Text by Sue Burns | Photos by Shannon Adams, NTD Media Films

As a food blogger, I have been incredibly fortunate to tour several farms in California, and I have never been less than awed at every one. Meeting the families who have been farming for generations and spending time in their fields and orchards is a privilege for which I am grateful. It is there, listening to them talk about planting, harvesting, challenges and successes, that one can see, hear and feel their dedication to growing the best foods they can in the most efficient and sustainable way. And they do this not just for their own families and those who work for them, but for everyone who purchases and eats their products.

As one said, “It’s a global impact; what we do brings families together.”

Farm tours aren’t available on a wide scale, so sharing them through my writing is very important to me. I do my best to convey the true feeling of being there so that more people will learn about everything that goes into growing the foods they enjoy. Now there is a resource that takes us even closer – as close to a personal farm tour as we can get. Beyond the Harvest is a new television series that “explores the farm-to-table phenomenon, uncovering the stories behind the intertwined partnerships among the farmer, the farmworker, packers, shippers, marketing representatives and chefs who help deliver the freshest local products from the bread basket of the world, California’s Central Valley.”

Executive Producer and host Ray O’Canto, of the popular Dine Out Along the Road series, says the show “has a higher good to elevate the small farmer that has a global impact — we are focused on telling positive stories about these dedicated families.”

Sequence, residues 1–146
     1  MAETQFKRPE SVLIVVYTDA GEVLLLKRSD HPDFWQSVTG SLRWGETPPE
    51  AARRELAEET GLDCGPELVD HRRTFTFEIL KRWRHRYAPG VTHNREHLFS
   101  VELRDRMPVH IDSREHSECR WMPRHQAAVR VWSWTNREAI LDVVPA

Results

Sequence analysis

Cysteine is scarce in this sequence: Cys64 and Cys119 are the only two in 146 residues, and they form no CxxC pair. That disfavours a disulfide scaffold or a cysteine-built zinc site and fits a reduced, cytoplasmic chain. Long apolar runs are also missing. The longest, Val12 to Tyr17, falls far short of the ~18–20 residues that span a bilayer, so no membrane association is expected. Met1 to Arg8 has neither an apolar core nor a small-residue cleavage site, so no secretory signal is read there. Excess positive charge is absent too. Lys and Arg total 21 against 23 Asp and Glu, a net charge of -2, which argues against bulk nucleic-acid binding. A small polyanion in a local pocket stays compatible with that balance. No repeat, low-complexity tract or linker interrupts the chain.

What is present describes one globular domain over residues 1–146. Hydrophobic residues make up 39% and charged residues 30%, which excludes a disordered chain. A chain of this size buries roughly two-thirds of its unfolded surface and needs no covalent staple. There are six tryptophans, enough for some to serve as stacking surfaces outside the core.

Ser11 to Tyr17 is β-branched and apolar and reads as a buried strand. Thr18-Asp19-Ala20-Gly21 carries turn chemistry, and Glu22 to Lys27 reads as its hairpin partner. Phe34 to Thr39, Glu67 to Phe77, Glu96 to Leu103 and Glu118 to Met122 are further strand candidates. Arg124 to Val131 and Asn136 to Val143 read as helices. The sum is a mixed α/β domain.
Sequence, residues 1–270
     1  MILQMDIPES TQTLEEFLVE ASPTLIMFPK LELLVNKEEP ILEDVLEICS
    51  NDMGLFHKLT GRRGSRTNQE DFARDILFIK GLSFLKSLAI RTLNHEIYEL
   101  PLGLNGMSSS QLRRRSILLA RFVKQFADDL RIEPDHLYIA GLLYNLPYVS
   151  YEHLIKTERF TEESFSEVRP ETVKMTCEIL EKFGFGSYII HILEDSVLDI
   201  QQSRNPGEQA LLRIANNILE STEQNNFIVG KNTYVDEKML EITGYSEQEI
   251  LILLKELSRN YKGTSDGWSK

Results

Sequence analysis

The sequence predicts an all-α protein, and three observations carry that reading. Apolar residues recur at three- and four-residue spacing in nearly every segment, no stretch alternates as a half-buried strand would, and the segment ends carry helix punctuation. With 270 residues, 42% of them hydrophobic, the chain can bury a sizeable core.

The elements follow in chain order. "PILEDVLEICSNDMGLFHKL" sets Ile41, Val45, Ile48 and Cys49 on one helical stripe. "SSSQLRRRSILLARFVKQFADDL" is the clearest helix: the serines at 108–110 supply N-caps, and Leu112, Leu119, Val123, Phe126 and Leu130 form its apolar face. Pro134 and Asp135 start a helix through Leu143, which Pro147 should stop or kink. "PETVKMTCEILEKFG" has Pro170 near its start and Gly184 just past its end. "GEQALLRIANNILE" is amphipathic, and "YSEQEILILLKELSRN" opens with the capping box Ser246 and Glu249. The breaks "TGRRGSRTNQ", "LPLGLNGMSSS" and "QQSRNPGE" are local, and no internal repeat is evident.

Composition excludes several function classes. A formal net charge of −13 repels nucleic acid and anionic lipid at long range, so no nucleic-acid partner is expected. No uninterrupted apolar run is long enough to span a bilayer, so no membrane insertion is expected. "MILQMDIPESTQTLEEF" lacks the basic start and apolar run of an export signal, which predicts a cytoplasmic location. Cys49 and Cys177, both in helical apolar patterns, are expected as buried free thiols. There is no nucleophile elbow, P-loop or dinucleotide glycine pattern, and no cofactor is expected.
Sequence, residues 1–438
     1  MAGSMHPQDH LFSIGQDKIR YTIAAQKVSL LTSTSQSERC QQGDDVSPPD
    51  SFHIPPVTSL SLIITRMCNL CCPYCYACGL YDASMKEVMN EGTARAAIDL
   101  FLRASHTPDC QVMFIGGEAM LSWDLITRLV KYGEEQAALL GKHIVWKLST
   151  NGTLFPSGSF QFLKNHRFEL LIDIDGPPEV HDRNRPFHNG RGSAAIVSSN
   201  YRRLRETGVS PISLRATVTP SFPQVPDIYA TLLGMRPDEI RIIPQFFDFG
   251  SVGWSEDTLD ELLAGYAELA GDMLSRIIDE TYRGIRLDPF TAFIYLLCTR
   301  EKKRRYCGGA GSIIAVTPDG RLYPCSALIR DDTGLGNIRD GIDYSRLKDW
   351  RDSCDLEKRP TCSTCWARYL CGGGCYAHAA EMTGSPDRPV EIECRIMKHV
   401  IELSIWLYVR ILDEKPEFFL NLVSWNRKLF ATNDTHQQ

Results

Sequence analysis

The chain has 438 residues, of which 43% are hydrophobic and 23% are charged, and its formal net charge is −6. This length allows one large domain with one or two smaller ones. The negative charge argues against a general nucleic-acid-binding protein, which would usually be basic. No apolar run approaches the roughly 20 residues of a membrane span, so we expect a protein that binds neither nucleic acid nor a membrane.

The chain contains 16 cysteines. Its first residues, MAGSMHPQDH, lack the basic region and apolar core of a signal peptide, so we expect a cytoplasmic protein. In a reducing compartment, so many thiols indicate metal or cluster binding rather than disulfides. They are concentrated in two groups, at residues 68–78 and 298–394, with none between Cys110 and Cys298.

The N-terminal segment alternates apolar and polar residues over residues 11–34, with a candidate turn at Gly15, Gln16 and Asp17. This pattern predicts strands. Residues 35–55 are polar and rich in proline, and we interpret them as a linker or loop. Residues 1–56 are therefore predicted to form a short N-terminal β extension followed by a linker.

You may already be familiar with Dine Out Along the Road. Entering its seventh season, the show focuses on specific cities in Central California, shining a spotlight on beloved local eateries and the people who bring them to life.

O’Canto, born in Venezuela, was inspired to create Dine Out by his father, Jose, who played baseball on the country’s national team and came to the U.S. when he was drafted into the major leagues. He ultimately landed in Visalia on the minor league Redlegs (the Cincinnati Reds’ feeder team). After retiring from baseball, he went to work at El Presidente Restaurant as a dishwasher. Intent on doing more, he traveled to the Oakland hills every weekend to train as a chef at his uncle’s restaurant. He quickly moved up in the Visalia restaurant, eventually owning and running it for 40 years. The show is O’Canto’s ongoing homage to his dad, telling the stories of small restaurants doing great things.

Inspired by the success of Dine Out Along the Road, Executive Producer Stephen Paul (of the Paul family, which has a huge legacy of farming in the Central Valley for decades) – approached O’Canto to say he loved the way the series featured the restaurants in the area and suggested a similarly styled show focusing on family farms and the agricultural industry in the Central Valley. The pilot was shot at the Peterson Farm in Kingsburg. Following that, four more were produced to round out the first season. Season 2 planning is underway with six episodes, anticipated to feature blueberries, persimmons, dairy, wine grapes and almonds, and will be shooting in May to air in October. The creators look for Central Valley family farms with generational history that are growing commodities that have global impact. Keeping in mind the distribution and quantity, they also consider how those commodities are being used and repurposed.

Episode 1 features peaches and nectarines grown at the Peterson Family Farm, but actually begins in the kitchen at ultra-hip Chow (organic) Market, Cafe and Bakery in Oakland. We see the chef assembling an artisan pizza with sliced peaches, burrata and arugula before the footage cuts to the farm. There, we meet Vernon Peterson and members of his team and learn about the family history, planting and cultivation, and the harvest. (As O’Canto says, “You can’t tell the story of California agriculture without telling the cultural and historical component.”) We visit the packinghouse and follow the fruit to the distributor and on to Chow in the Bay Area, coming full circle as we see the pizza being pulled from the oven.